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Campylobacter infection after prosthetic joint surgery.

Authors
  • Prendki, Virginie
  • Marmor, Simon
  • Zeller, Valérie
  • Lhotellier, Luc
  • Mégraud, Francis
  • Desplaces, Nicole
Type
Published Article
Journal
Scandinavian Journal of Infectious Diseases
Publisher
Informa UK (Taylor & Francis)
Publication Date
Sep 01, 2013
Volume
45
Issue
9
Pages
706–710
Identifiers
DOI: 10.3109/00365548.2013.800225
PMID: 23808718
Source
Medline
License
Unknown

Abstract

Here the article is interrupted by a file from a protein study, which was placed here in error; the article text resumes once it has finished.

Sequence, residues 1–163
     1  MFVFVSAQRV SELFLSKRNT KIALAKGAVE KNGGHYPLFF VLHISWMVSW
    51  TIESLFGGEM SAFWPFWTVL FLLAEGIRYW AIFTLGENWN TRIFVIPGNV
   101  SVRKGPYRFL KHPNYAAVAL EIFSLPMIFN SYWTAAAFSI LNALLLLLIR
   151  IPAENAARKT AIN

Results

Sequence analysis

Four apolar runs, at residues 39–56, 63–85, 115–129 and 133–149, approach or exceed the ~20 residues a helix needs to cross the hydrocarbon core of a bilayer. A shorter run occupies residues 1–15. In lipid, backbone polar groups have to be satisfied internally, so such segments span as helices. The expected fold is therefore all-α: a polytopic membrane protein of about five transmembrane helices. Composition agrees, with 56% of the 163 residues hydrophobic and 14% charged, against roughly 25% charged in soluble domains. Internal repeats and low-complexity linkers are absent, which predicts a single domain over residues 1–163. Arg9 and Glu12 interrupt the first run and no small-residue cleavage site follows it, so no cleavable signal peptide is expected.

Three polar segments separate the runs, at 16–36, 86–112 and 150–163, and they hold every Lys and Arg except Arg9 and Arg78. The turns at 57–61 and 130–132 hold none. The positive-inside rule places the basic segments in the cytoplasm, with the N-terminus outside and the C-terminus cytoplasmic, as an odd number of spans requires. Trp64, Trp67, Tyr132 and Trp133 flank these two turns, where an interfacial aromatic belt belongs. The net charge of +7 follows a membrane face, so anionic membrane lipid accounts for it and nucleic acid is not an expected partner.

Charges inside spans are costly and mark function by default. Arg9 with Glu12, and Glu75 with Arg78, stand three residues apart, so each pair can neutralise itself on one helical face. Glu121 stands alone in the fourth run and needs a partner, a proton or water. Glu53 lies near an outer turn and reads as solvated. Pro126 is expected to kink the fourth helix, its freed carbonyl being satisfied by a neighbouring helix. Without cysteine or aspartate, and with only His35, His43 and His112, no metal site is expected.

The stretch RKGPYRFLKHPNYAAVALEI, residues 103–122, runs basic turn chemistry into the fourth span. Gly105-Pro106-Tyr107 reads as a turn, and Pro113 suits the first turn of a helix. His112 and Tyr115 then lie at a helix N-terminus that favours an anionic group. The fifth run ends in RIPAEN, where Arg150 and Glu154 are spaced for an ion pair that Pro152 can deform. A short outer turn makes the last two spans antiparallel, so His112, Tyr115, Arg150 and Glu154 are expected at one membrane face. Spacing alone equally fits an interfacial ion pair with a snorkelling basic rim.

Few cases of Campylobacter prosthetic joint infection (PJI) have been reported so far. We describe the demographic characteristics, underlying conditions, clinical features, treatment, and outcome of 8 patients with Campylobacter PJI in our hospital. All strains were confirmed at the French National Reference Center for Campylobacter and Helicobacter. Seven patients were infected with C. fetus and 1 with C. jejuni. Most patients were elderly and immunocompromised. Four had bacteremia, one of these with a pacemaker endocarditis. All the patients received at least 3 months of antibiotic treatment and 6 were treated surgically. The outcome was favorable at 2 years of follow-up in all except for 1 patient. Campylobacter PJI cases are rare but likely to become more frequent. C. fetus bacteremia should motivate physicians to look for a secondary localization such as a Campylobacter PJI.

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